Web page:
• by pspahn (1175617)

      So in order to be a programming language it has to be compiled instead of interpreted?

      Where does compiled PHP fit into your world view?

    • by gweihir (88907)

      Well, PHP is a programming language, just not really a general-purpose one.

      Anyways, web-stuff is a small part of programming, and not really an important one as it is pretty limited.

    • by Capsaicin (412918) * on Sunday August 10, 2014 @09:31PM (#47644603)

      I really like PHP. It is however not a bloody programming language, it's a scripting language.

      I really hate PHP, but what I hate even more is being confronted with this mysterious distinction between "scripting" and "programming" languages.

      A language might be strongly or weakly, dynamically or statically typed. A particular implementation might employ a compiler, a virtual machine or interpreter. These are meaningful distinctions. But what (with the possible exception of a hardware specific control language) does it even mean for a language (as distinct from its implementation) to be a "scripting" language?

      Would PHP cease to be a scripting language if an object code compiler were available for it? Is 'C' a "scripting language" just because it's interpreted [softintegration.com]? And what about a language which has never actually been implemented, what in the language specification determines unequivocally if that language is 'scripting' or a a 'programming' language?

      • The distinction is determined solely by the prejudices of whomever is bothering to make it. Scripting is a domain in which a programming language is used, not some basic attribute of it. You could use C to write your system automation tools, but it would be a waste of time when a simple Bash script would get the job done quicker and in a far more concise manner. Likewise, you could write your virtualization software in Ruby but its going to be dog slow, and probably full of weird hacks to make shit work.

      • Agreed. Assembly is just a scripting language for microprocessors. C is just a scripting language for the compiler back-end. The OP did a terrible job of making his case.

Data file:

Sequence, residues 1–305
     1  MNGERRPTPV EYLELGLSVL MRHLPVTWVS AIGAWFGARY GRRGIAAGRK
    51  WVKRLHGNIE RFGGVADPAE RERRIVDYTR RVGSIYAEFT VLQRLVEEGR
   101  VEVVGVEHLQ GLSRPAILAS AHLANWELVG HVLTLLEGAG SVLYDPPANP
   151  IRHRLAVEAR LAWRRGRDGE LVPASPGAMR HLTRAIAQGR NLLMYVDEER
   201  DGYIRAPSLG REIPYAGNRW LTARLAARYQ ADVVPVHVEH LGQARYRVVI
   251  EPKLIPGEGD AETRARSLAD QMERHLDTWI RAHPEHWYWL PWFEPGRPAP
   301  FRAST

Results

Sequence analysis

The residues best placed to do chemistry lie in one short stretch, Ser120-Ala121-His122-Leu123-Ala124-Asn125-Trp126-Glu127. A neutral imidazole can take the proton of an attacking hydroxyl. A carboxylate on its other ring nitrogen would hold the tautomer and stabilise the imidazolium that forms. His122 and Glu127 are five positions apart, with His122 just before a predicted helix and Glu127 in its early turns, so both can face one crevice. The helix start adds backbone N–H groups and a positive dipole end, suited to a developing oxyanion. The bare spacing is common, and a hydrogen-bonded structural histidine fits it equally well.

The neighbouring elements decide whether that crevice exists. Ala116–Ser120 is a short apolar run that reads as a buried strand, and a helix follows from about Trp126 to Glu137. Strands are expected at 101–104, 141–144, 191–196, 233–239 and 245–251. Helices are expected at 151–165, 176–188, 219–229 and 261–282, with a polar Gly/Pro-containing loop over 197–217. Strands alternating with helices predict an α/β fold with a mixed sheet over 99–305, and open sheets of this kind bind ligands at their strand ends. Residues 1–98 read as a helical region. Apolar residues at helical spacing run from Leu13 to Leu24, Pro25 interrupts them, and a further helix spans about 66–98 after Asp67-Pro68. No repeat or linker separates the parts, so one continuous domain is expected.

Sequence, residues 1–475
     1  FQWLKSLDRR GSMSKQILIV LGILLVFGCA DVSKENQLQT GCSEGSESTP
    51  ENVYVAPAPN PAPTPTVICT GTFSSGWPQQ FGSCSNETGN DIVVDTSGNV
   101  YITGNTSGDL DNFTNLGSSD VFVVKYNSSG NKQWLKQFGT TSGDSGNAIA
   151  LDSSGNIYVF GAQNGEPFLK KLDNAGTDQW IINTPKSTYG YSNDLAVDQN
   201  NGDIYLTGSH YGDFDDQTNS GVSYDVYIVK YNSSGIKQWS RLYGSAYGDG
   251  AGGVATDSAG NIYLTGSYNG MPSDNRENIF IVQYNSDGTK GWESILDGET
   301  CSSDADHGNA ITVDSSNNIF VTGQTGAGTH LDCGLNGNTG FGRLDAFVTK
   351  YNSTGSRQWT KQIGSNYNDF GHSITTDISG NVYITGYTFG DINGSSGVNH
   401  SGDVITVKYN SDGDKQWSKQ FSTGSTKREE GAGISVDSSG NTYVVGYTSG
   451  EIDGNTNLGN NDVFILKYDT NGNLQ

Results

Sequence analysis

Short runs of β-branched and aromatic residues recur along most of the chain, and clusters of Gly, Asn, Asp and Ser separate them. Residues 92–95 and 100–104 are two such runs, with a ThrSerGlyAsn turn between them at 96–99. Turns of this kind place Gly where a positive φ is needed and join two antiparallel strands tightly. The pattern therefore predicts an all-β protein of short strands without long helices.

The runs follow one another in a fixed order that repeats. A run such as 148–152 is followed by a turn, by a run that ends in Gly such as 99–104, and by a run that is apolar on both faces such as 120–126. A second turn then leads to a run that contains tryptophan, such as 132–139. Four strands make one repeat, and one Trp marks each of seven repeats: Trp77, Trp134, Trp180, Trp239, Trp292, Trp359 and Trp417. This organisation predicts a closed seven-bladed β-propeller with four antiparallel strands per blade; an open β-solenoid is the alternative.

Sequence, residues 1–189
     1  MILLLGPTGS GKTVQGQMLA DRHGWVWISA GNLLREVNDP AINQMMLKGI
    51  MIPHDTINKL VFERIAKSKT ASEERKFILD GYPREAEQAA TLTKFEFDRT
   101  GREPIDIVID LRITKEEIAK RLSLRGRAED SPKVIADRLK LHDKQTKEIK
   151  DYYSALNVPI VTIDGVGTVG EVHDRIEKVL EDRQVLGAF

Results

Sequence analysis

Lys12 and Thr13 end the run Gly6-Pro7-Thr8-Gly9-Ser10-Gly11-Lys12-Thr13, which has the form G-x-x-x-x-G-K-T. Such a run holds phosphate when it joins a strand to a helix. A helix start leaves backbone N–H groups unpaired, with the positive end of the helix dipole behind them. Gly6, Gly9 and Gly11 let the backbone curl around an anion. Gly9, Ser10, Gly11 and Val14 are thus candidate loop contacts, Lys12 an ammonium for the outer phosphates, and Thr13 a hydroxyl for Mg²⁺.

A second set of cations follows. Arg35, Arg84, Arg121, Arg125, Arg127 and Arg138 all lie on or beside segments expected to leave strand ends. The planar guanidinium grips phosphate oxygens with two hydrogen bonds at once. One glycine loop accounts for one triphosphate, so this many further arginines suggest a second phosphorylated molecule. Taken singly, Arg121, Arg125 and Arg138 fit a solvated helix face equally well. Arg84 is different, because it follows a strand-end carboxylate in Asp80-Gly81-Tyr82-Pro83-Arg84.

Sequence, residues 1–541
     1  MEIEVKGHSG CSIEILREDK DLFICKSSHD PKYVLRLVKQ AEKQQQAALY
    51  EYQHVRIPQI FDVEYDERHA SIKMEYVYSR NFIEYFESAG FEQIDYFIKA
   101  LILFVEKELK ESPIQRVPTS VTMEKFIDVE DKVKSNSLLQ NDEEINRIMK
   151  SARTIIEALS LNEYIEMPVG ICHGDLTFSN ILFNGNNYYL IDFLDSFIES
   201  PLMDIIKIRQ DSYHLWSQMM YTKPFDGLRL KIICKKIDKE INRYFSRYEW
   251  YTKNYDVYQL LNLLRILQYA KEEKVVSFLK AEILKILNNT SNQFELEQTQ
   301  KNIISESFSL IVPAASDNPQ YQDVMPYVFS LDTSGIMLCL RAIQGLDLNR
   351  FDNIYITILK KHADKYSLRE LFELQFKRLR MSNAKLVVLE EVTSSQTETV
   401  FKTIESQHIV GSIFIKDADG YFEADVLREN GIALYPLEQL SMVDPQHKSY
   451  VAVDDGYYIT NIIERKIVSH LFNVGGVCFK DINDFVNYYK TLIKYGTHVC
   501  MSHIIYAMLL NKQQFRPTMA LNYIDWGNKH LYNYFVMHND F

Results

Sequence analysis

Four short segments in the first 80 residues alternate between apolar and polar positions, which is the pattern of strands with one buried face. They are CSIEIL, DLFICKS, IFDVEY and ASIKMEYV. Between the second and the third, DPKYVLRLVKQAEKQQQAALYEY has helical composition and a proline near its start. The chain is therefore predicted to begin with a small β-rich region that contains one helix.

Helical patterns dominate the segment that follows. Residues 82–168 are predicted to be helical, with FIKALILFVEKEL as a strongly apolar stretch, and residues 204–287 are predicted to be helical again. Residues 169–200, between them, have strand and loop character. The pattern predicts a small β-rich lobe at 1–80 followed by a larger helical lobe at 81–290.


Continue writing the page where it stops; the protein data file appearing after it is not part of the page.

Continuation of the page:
• [quote]
      CSS: not a programming language.
      HTML: not a programming language.
      [/quote]

      CSS and HTML are such devious piles of junk, they should be turing complete by now.

  • Which behaviour? (Score:5, Interesting)

    by NotInHere (3654617) on Sunday August 10, 2014 @07:24PM (#47644167)
    This program is valid C and, when saved as "test2.java", valid java code. Compilation with the C compiler results in a program that doesn't behave the same way if it were compiled with java:

    //\
    /*
    #include "stdio.h"
    /**///\
    public class test2 {

    //\
    public static
    void main //\
    (String[]a)//\
    /*
    (int argc, char *argv[])//*/
    {
      //\
      System.out.printf("hi, I'm java\n");/*
      printf("hi, I'm C\n");//*/
    }

    //\
    }
    • by fisted (2295862)

      void main(int argc, char *argv[])

      valid C

      Nope. Not valid C. Valid would be int main(void), int main(int argc, char **argv)(and equivalent), and in some cases int main(int argc, char **argv, char **envp) (and equivalent).
      Source [open-std.org]

      • by gweihir (88907)

        Depends on the standard. Even "main()" can be valid.

        • by fisted (2295862)

          Depends on the standard.

          No. None of the C Standards ever had void a valid return type for main, and, frankly all of them (since we're talking standards, that means C89 through C11) give you int main(void) and int main(int argc, char **argv)(and equivalent).
          It's not like i didn't link a source.

          Even "main()" can be valid.

          Yes, C89 allowed leaving away the int, that's called "implicit int". Needless to point out, the return type is still int.

          • by gweihir (88907)

            "main()" does not have void as return type, it has "no return type specified". You are also not going back far enough if C89 is the first thing you look at and you are constraining your search too much if you require an "IOS" Standard. There are others around, even if bodies like ISO would probably say they are not standards. Not so.
             

            • by fisted (2295862)